Monday, December 7, 2009

Synthetic Neurobiology: Optically Engineering the Brain to Augment Its Function

In this talk at the Singularity Summit 2009, Ed Boyden discusses exciting new brain-computer interfacing techniques.

How to engineer intelligent neurotechnologies to repair pathology, augment cognition, and reveal insights into the human condition (from Synthetic Neurobiology Group at MIT):
Our brains and nervous systems mediate everything we perceive, feel, decide, and do—and act as our ultimate interface to the world. An outstanding challenge for humanity is to understand these neuromedia interfaces at a level of abstraction that enables us to engineer their functions: repairing pathology, augmenting cognition, and revealing insights into the human condition. The Synthetic Neurobiology group invents and applies tools to analyze and engineer brain circuits in both humans and model systems. Our current neuroengineering focus is on devising technologies for controlling the processing within specific neural circuit targets in the brain. We hope that this synthetic neurobiology approach to the brain will help us better understand—and engineer improvements upon—the nature of human existence.

Neural stimulation hardware has traditionally been either electrical or magnetic in nature. Our lab has recently developed optogenetic molecular methods for making neurons able to be activated or silenced by multiple colors of light. We are engineering optical hardware systems for targetedly stimulating and inactivating neurons precisely, from one to many at a time, with complex spatiotemporal patterns, even in dense tissue in the living brain. Our goal is to find ways to cure intractable psychiatric and neurological disorders.

Ed Boyden
MIT Media Lab & Dept. of Biological Engineering

Ed Boyden invents and applies tools for the analysis and engineering of brain circuits in humans and research animals. He is developing new strategies for systematically repairing brain pathologies, such as epilepsy, anxiety, and Parkinson’s disease, and also for augmenting cognition in diseases like Alzheimer’s. His research integrates nanotechnological, molecular, optical, and other technologies into interfaces for the precise control of neural circuit dynamics and function. He and his colleagues have created a genetically targeted way to activate and inactivate neurons using millisecond-timescale pulses of light. This innovation is now in widespread use.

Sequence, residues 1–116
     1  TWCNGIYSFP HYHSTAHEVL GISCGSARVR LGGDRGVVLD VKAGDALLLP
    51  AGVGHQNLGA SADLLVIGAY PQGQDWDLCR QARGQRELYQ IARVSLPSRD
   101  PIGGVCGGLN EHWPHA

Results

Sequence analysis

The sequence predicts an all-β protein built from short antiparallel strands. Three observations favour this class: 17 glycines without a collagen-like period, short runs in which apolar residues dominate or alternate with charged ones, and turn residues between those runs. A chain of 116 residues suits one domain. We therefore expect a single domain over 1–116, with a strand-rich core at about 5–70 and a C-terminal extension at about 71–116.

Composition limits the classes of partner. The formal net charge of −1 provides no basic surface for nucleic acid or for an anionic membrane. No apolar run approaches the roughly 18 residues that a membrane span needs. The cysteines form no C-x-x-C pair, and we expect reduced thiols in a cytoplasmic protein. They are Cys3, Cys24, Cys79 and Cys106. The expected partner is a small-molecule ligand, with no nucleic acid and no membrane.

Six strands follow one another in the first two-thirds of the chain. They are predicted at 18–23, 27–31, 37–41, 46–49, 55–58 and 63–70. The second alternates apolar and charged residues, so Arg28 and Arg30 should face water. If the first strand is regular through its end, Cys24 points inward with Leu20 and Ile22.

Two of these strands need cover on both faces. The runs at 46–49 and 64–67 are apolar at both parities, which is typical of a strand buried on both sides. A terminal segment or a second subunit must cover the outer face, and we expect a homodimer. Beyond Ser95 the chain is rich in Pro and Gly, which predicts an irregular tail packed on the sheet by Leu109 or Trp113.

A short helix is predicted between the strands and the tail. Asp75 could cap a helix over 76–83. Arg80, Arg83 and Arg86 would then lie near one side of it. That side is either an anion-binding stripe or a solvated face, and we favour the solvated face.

Dr. Boyden is the Benesse Career Development Professor at the MIT Media Lab, in the MIT Department of Biological Engineering, and the MIT McGovern Institute. He received a Ph.D. in Neuroscience from Stanford University in 2005. He holds a double B.S. in Physics and Electrical Engineering and Computer Science and a M.Eng. in Electrical Engineering and Computer Science from MIT. In 2006 he was named one of the world’s top 35 innovators under age 35 by Technology Review magazine. In 2007, he received a Wallace H. Coulter Early Career Award, an NIH Director’s New Innovator Award, and the Society for Neuroscience Research Award for Innovation in Neuroscience, for his work on optical control of neurons.

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